Digital Platform “Near Shop” Launches to Connect Consumers with Local Brick-and-Mortar Retail Stores

Mario Toneguzzi
Mario Toneguzzi
Mario Toneguzzi, based in Calgary, has more than 40 years experience as a daily newspaper writer, columnist, and editor. He worked for 35 years at the Calgary Herald covering sports, crime, politics, health, faith, city and breaking news, and business. He now works on his own as a freelance writer and consultant in communications and media relations/training.

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By Mario Toneguzzi

A unique and innovative digital platform has been created to bring online shoppers back to brick and mortar retail stores.

Richard Galczynski, who works in marketing and sales with Near Shop, said the site is building tools to make it easier to find products, and soon services as well, in people’s communities.

“The way we see it, most e-commerce is bad for communities. It extracts wealth from local economies, creates huge amounts of waste from shipping materials, employs fewer of our neighbours, and seldom pays local taxes. These companies give nothing back and the few people they employ are mostly poorly-paid warehouse and delivery workers constantly under threat of being replaced,” he said.

“We gather the products of as many retailers as we can, large and small, and put them in one place so they can easily be found and compared. No need to visit half-a-dozen websites to find the cheapest place to buy a hammer. One simple search checks all the stores in your area so you don’t have to.

“Near has lots of exciting innovations we’re bringing to market in the next few months all with this same goal in mind.”




Matthew Smith, CEO of Near Shop, said the retail industry is in a really strange place right now. There are many negative pressures on brick and mortar stores.

“We’re trying to turn that around a bit. We did pretty extensive research and saw that most people when they’re going online to shop are going either straight to Amazon or know where they’re going straightaway. A small group will search on Google but the ones that do generally get poor results and they’re not satisfied because it’s not a great shopping interface. So they tend to go to a place they know they can find what they’re looking for,” said Smith. “And about 60 percent of the time that’s Amazon.

“So it’s about 40 percent for the retailers to squabble over. And it’s really tough to get your product in front of those 40 percent. If you happen to be well-ranked on Google you’ve got a little better shot. But no retailer can realistically promote their entire catalogue on Google. Our notion is that there’s probably a better way to do this and we think that’s basically a search engine for products. So an interface that’s very similar to what someone shopping online would be used to on Amazon or any other e-commerce site.


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“But instead of just having one retailer to choose from or the Amazon marketplace we want to have all the retailers. So you can search for hammers and it will pull up every store within whatever distance you set that have hammers there with pricing and inventory. Then you can choose. You can order online if you want but you can also hop in your car and go to the store. Our goal really is to drive people back to local retailers more easily. To make the process easier and with a little less friction.”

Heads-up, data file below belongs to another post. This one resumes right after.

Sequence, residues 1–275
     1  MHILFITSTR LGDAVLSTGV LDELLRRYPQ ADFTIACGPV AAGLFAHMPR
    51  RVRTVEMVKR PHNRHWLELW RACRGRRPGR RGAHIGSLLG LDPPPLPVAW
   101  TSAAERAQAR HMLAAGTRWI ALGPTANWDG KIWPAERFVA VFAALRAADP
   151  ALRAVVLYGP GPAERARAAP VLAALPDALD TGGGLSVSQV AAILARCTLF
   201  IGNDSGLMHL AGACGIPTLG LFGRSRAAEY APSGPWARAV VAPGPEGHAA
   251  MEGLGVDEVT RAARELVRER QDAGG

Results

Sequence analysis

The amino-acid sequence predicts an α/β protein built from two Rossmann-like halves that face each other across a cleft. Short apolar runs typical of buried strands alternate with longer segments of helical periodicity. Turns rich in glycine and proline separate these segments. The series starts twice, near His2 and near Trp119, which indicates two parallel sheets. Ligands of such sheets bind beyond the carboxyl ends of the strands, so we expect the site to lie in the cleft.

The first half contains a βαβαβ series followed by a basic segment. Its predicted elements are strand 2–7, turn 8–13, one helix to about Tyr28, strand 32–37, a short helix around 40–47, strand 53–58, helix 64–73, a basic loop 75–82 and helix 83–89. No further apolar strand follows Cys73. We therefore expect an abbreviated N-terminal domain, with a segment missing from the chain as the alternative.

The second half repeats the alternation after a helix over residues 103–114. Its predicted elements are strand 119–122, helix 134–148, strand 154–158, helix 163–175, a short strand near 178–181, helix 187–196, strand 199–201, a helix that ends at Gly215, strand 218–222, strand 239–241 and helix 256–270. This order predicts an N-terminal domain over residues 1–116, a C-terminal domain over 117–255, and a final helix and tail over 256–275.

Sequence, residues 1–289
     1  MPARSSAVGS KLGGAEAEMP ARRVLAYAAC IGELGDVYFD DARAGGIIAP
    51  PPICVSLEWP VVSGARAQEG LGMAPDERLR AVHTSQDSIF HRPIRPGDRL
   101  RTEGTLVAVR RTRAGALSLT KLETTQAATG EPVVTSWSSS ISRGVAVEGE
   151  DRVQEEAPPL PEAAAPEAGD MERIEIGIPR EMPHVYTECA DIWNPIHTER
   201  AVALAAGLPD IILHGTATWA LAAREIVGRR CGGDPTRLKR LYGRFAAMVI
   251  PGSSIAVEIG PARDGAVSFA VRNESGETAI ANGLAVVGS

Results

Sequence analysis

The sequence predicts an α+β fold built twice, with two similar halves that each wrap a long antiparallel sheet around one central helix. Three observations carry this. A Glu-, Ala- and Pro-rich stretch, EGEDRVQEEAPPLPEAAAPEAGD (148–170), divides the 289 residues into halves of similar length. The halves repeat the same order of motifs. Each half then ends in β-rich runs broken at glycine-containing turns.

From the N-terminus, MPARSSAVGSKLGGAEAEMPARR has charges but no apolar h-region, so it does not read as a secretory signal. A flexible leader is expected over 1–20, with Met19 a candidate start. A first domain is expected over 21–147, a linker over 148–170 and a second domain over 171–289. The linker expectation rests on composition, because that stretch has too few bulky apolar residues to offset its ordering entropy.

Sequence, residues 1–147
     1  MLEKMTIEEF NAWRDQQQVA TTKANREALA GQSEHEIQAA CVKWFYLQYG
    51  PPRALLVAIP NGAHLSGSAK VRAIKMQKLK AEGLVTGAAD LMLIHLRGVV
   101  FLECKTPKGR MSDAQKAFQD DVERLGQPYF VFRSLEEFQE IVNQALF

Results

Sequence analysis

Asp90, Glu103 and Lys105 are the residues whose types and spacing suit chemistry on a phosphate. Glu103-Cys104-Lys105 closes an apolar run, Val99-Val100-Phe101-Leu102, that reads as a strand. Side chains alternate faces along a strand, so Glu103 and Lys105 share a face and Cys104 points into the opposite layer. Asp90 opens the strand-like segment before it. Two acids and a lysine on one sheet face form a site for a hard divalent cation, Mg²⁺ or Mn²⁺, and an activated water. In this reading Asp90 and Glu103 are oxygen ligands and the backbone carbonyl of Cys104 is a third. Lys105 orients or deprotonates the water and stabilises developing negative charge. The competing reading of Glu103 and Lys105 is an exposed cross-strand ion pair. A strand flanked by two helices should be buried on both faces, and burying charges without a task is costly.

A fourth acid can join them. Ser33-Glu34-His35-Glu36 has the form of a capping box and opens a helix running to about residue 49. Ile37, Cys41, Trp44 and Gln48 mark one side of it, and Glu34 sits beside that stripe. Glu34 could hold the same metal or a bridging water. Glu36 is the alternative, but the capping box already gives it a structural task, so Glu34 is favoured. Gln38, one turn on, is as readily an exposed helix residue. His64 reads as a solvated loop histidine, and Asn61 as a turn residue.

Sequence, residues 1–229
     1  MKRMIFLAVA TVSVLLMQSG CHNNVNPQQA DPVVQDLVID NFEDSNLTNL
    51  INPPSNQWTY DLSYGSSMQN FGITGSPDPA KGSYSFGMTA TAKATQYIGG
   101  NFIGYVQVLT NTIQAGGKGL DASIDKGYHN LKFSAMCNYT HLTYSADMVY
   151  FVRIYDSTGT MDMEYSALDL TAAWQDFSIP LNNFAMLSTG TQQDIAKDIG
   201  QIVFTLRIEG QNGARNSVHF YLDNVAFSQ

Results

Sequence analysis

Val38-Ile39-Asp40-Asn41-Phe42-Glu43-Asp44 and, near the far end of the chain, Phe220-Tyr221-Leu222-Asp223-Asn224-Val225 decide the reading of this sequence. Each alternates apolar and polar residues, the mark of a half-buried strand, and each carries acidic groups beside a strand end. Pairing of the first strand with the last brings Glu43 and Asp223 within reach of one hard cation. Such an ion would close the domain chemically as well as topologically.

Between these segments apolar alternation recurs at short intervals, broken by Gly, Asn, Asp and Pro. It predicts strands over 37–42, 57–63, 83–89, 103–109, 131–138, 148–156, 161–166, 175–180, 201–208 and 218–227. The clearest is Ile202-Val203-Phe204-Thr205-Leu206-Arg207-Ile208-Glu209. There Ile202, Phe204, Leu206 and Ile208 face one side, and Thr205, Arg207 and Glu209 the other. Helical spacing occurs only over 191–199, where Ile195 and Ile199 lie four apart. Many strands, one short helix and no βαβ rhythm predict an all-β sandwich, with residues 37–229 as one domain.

Smith said the company is working on bringing retailers on board who will agree to provide their catalogues.

“The first step is to make this easily accessible to (consumers). The next step of our project is to connect local stores with those online orders in a more easy way. So we’re certainly envisioning something like Uber Eats where you could open an app on your phone, search for the hammer and see all the hammers in your store and then order it and have some guy with his car run over to the store and bring it to your house in an hour or two,” he said.




“It’s delivering the same level of service you can get with an Amazon but still supporting local retailers. We understand that not everyone is going to go back to brick and mortar stores but more than anything we want to keep as much of that money in the local economy as we can instead of sending it to shareholders in Seattle for example.”

Galczynski said people are fed up with the self-isolation imposed by the COVID-19 pandemic and now want to get out and talk to people and experience the shopping, tactile, experience again.

“It eventually will settle down. Things will be a little different. But retailers are adapting,” he said. “Life will go on. We’re just reminding people that your local guys need you now more than ever. Get out there. It’s good therapy for you. It’s good for the economy. It’s good for the local economy.

“Slowly but surely we’ll get out of this. Why stop yourself from indulging in that shopping experience because that’s what it is. On the retailer point, you go online you only purchase one or two items that you’re looking for but if you’re in a store you’re picking up this, you’re picking up that. So it’s really good for everybody.”


Mario Toneguzzi, based in Calgary has 37 years of experience as a daily newspaper writer, columnist and editor. He worked for 35 years at the Calgary Herald covering sports, crime, politics, health, city and breaking news, and business. For 12 years as a business writer, his main beats were commercial and residential real estate, retail, small business and general economic news. He nows works on his own as a freelance writer and consultant in communications and media relations/training. Email: mdtoneguzzi@gmail.com

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